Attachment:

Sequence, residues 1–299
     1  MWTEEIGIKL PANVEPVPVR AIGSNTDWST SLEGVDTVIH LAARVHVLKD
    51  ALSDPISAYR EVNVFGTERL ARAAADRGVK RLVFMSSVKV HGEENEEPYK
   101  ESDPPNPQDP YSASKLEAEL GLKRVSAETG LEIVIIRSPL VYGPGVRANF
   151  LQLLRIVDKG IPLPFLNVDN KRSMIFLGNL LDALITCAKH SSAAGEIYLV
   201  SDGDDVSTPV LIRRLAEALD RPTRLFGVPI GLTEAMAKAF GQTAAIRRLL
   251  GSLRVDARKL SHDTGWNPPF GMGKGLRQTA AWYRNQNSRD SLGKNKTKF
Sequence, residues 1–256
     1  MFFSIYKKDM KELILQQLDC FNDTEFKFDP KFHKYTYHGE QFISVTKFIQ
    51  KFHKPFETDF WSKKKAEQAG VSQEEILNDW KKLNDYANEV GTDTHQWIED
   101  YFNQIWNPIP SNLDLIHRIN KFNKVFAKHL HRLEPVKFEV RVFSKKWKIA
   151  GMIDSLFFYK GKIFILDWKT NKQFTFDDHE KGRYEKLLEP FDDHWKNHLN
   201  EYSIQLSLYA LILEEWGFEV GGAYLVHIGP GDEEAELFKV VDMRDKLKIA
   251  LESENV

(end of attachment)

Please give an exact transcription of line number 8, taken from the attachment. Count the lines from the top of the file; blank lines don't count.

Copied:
Sequence, residues 1–256